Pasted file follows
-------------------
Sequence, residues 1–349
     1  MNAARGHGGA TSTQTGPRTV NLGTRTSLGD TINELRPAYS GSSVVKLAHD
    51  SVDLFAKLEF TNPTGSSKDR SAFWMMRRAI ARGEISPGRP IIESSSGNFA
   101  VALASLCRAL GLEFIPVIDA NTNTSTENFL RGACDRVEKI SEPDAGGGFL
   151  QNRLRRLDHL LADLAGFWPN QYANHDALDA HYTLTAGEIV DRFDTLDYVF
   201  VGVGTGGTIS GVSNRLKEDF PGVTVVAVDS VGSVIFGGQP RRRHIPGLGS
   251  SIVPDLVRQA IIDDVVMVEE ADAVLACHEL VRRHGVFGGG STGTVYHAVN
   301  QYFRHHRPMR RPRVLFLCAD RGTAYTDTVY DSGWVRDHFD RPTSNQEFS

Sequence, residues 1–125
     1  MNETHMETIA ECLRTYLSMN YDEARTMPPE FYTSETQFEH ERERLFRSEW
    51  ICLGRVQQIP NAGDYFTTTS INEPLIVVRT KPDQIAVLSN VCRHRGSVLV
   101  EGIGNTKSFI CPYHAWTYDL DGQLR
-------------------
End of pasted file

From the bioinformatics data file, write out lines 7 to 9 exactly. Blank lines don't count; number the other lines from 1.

   251  SIVPDLVRQA IIDDVVMVEE ADAVLACHEL VRRHGVFGGG STGTVYHAVN
   301  QYFRHHRPMR RPRVLFLCAD RGTAYTDTVY DSGWVRDHFD RPTSNQEFS

Sequence, residues 1–125